Dr. James E. McDonald — What Might Have Been — 6/6
With this installment we finish our look at McDonald’s presentation to the AAAS in December, 1969. In my view McDonald clearly demonstrated that as of the date above the UFO problem had received no significant (public) scientific attention and that the so-called official investigations were just that: so- called; the word “investigation” deserving to be unincluded.
Imagine, if you will, the book that this gentleman was probably working on in the early 1970s! But that book never came out and, not only that, no one picked up his mantle and went on. That is, NO scientist of anywhere near McDonald’s stature stepped in to fill his shoes. Hynek and Vallee don’t count — by a long shot.
The UFOs, of course, did not go away and after the huge flap of 1973 they were right back in the news, where they have been ever since. But where has the high-powered investigation come from? No where, not really. Nothing like McDonald. And this is to be expected, you see, since a word to the wise is sufficient.
Continuing with the 1957 Kirtland AFB incident:
- Information Gained from Witness-Interviews:
When I contacted Kaser and Brink, they told me I was the first person to query them on the case since their interrogation by an Air Force captain from Colorado Springs, who had come to interview them at Kirtland just after the incident. Subsequently, I secured the Bluebook case-file on this sighting, and ascertained that a Capt. Patrick O. Shere, from Ent AFB did the interrogation on Nov. 8, 1957, just four days after the sighting.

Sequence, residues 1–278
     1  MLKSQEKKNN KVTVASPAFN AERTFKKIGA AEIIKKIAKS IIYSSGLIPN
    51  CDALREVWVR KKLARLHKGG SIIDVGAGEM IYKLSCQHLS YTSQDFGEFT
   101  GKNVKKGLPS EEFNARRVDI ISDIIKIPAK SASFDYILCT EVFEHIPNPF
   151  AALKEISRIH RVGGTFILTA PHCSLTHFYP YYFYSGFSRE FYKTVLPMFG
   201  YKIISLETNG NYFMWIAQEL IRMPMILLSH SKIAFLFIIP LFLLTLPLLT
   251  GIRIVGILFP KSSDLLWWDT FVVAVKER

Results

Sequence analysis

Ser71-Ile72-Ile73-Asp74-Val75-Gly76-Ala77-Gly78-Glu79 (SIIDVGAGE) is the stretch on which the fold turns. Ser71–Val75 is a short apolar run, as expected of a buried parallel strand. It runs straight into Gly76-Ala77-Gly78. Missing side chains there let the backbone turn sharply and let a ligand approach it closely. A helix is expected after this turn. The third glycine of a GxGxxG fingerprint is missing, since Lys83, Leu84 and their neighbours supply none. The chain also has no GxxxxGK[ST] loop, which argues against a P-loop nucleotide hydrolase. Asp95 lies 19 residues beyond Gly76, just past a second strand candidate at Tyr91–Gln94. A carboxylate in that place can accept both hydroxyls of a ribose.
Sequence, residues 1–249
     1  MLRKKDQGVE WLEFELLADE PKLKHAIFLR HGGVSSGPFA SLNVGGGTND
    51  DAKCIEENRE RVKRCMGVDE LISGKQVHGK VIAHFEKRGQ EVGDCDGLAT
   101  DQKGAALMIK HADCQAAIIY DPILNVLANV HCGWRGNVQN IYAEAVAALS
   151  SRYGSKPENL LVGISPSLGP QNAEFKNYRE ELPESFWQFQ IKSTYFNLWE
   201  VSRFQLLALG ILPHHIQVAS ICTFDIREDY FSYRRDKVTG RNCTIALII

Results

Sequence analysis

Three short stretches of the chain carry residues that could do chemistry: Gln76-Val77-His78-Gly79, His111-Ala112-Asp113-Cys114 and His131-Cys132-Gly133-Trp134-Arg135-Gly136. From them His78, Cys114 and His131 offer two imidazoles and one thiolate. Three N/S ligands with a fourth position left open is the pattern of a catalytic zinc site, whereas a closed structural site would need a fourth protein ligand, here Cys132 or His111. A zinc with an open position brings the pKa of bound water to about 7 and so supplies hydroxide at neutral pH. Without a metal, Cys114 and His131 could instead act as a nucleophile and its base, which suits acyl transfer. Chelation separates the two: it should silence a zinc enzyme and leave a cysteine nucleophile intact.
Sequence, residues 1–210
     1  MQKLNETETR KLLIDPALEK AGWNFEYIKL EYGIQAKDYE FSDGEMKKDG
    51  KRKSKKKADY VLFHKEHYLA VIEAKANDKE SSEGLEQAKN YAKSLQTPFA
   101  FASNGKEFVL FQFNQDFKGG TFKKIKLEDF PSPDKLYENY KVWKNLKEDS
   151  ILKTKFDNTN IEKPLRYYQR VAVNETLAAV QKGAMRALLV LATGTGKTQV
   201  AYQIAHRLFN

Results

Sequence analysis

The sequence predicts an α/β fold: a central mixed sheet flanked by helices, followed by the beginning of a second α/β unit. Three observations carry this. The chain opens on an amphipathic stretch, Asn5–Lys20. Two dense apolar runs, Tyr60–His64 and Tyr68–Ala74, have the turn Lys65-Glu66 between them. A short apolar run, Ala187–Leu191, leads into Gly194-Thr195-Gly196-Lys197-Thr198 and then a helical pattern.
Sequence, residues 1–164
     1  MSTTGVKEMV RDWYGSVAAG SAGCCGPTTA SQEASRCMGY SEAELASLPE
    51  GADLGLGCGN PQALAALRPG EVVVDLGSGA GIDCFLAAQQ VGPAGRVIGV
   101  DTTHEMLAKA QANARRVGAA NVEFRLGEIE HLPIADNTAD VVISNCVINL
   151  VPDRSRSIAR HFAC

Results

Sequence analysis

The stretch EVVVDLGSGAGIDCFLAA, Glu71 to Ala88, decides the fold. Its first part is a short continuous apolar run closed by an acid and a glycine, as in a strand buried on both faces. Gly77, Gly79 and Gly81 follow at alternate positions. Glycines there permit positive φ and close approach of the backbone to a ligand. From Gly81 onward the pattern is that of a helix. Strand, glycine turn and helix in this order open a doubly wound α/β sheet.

The accounts I secured in 1969 from Kaser and Brink matched impressively the information I found in Shere’s 1957 report in the Bluebook case-file. There were a few recollective discrepancies of distance or time estimates in the witness accounts given in 1969, as compared with their 1957 statements to the Air Force, but the agreements were far more significant than the small number of mismatches.
In contrast to the somewhat vague impressions I gained (and other readers would surely also gain) from reading the Condon Report version, here is what is in the Bluebook case-file and what they told me directly.
The object came down in a rather steep dive at the east end of Runway 26, left the flight line, crossed runways, taxiways and unpaved areas at about a 30-degree angle, and proceeded southwestward towards the CAA tower at an altitude they estimated at a few tens of feet above the ground. Quickly getting 7 power binoculars on it, they stablished that it had no wings, tail, or fuselage, was elongated in the vertical direction, and exhibited a somewhat eggshaped form (Kaser). It appeared to be perhaps 15-20 ft in vertical dimension, about the size of an automobile on end, and had a single white light in its base. Both men were emphatic in stressing to me that _it in no way resembled an aircraft._